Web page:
Who are Millenials?
Millenials are defined loosely as the generation born in the 1980’s and 1990’s. Right now, some are still teenagers; but those in their twenties are entering the workforce. Some companies are adjusting to harness the vision and energy these young workers offer, while some are struggling to mold workers into predefined structures.
The rise of social media along with mobile and high tech will eventually force companies to actively recruit young talent. As Millenials begin entering the workforce en masse, multi-generational tension can be expected to develop as organizations adapt to the needs and ideologies of the younger workers.
The generation is largely described as “coddled” and “high maintenance” – the result of highly-involved parents. However, studies have shown that Millenials aren’t dreaming the same American Dream of other generations. With the rise of technology, Millenials feel a growing sense of global community and social boundaries are easily overlooked. While this has increased social awareness in the humanitarian sense, it can often create tension as Millenials tend to overstep boundaries in the workplace.
For Millenials, work isn’t about a paycheck. It’s about purpose.
Millenials, invest time, energy and meaning into their work. Thus, they often seek meaningful feedback from supervisors or peers. This need for open communication is often a source of tension as it can disrupt standard hierarchies of the business model.
When a Millenial works on a project for a supervisor, the Millenial will most likely seek and expect feedback from the supervisor to whom he submitted the project, not the supervisor to whom he directly reports.
The Millenial lives in a world where time and communication are managed quickly through technology. Unlike older generations, he expects to maintain almost constant correspondence – whether formal or informal, social or professional – throughout the day. He is a constant multi-tasker, and in the name of efficiency, will seek out the primary source for his answers.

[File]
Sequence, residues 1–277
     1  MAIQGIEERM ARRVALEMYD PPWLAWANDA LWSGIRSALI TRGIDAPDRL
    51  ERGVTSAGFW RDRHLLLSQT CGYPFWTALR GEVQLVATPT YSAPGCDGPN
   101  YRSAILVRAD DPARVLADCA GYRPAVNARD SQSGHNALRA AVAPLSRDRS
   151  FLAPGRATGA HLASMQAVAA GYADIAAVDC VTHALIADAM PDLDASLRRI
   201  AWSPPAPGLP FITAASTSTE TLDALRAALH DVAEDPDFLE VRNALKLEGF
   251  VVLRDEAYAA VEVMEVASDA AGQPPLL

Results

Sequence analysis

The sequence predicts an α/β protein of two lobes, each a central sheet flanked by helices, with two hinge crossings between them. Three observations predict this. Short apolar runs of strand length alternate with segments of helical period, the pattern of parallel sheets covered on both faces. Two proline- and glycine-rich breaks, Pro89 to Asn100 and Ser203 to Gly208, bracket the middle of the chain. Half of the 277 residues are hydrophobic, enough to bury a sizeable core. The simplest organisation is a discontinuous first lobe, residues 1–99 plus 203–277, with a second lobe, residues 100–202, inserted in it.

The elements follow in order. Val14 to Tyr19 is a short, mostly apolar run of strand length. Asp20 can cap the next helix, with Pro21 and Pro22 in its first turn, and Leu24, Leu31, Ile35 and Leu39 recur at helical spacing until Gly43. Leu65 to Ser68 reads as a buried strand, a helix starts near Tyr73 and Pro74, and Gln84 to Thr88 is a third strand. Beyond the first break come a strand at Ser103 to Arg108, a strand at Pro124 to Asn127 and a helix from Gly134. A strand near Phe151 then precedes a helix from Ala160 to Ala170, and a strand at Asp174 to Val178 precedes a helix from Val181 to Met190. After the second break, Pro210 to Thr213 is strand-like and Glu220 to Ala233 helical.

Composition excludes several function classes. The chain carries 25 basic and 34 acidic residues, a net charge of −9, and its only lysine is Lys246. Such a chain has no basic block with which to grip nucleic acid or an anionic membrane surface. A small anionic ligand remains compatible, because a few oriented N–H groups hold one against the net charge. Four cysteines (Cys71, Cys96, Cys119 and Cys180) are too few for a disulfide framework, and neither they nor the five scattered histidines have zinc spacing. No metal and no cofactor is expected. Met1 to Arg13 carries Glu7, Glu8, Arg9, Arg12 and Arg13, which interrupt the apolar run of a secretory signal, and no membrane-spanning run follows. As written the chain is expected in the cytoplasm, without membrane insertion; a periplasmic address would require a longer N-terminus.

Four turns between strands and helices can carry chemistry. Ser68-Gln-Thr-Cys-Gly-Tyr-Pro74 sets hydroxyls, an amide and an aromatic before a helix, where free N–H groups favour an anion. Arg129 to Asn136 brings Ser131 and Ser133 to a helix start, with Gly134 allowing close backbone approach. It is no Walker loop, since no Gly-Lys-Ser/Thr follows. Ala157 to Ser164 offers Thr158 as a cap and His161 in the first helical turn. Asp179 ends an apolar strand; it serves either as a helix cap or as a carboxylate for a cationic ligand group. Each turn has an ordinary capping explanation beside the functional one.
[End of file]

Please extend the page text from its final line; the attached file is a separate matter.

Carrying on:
Sending an e-mail over a direct supervisor’s head will seem like no big deal to the Millenial. For most, this would be an obvious deviation from standard protocol.
Consider: the Millennial has more than likely spent most of his time in an academic setting in which roles of authority were in the position of answering questions, stimulating conversation and fostering growth. This is where the model of lateral collaboration comes forth.
How Millenials Can Benefit Your Company?
Lateral collaboration is one of the Millenials greatest assets. He can work across boundaries to build effective teams that contain diverse groups of people. To harness this leadership skill, provide the Millenial with a clear sense of who belongs to his support group.
Using the term ‘support,’ will provide a more lateral reach across standard hierarchies. If you let the Millenial know you are in his support group, but that your boss is excluded, you shouldn’t have a problem with any breaches in standards.
Structure, guidance and clear expectations (from both parties) are important factors in cross-generational collaboration. Think of it as a merging of the old and the new. You are just as essential to the evolution of your company as the Millenial is.
The greatest challenge will be balancing innovation with preservation, in deciding what needs to change and what needs to continue to define your company’s image and workplace. Remember, collaboration is the name of the game to the Millenial. He will value your input, so provide it accordingly.
Recruiting Millenials could also mean a healthier workplace. The majority of Millenials name “Work/Life Balance” as the primary concern in developing a career. This includes benefits and other company-wide initiative that work to insure that employees can maintain healthy lifestyles. A shifting spotlight on worker health is better for everyone involved.
Amanda Watson is a freelancer blogger who writes about online mba programs and other topics pertaining to online higher education. You can reach Amanda at firstname.lastname@example.org.